Funding for 18 months has been awarded to a team at KREATiS led by Dr Paul Thomas to deliver the CRACK IT Challenge Thyroid Tox1.
Sponsored by Shell and Syngenta, this Challenge aims to develop an in silico tool to predict endocrine disruption that occurs via the thyroid receptor and reduce the reliance on animals used for thyroid receptor endpoints in reproductive and developmental toxicity studies.
Endocrine disruptors are chemicals that can affect the normal function of the endocrine system through interacting with receptors such as the thyroid hormone receptor. In vitro testing followed by extensive animal testing are required for the assessment of endocrine modalities and chemical safety regulations. For thyroid receptor-mediated endocrine disruption, in vitro thyroid receptor assays are limited or lack full validation and in vivo reproductive and developmental toxicology studies for thyroid receptor endpoints use large numbers of animals and are invasive, time-consuming and expensive.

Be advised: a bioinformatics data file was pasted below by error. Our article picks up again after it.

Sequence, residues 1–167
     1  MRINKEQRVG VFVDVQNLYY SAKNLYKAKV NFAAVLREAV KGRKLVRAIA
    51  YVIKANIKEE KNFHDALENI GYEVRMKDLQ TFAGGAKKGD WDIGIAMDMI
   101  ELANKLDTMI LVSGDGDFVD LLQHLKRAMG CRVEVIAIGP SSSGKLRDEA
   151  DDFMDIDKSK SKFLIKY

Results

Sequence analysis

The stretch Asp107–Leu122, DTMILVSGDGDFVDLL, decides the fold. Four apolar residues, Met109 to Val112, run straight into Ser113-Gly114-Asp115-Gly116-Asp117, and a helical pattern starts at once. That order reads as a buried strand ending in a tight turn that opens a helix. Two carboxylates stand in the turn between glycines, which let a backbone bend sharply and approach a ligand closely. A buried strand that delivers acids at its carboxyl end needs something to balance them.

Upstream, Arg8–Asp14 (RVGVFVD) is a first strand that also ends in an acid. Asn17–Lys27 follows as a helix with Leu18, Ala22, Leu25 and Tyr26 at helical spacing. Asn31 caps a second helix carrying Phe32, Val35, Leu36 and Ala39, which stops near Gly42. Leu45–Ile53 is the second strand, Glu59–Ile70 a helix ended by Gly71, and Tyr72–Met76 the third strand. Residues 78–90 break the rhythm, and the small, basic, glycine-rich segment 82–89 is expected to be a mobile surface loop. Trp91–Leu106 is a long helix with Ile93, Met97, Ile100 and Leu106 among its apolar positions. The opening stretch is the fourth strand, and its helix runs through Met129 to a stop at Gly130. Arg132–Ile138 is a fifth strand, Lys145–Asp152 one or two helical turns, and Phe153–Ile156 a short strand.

The KREATiS team of expert modellers and toxicologists will develop user-friendly quantitative structure-activity relationship (QSAR) and molecular docking tools to predict the interaction of chemicals with the human thyroid alpha and beta receptors2.
Learn more about the Thyroid Tox Challenge.
1 CRACK IT Challenges is the NC3Rs' open innovation funding competition, which brings together industry, academia and SMEs to deliver ready-to-use products and services that replace, reduce and refine animal use. Challenges are developed in collaboration with Sponsors who provide in-kind contributions and/or co-funding to support development of the Challenge product.
Challenges may consist of one or two phases, with Single Phase Challenges typically focusing on technologies that are closer to market, require less research or have lower development costs than Two Phase Challenges.
Further information about the CRACK IT Challenges and competition process can be found on the NC3Rs Innovation Platform
2 The KREATiS team is led by Dr Paul Thomas and supported by model developers Dr Zlatomir Todorov, Dr Emel Ay Albrecht, Dr Franklin Bauer and toxicologist Dr Carole Charmeau.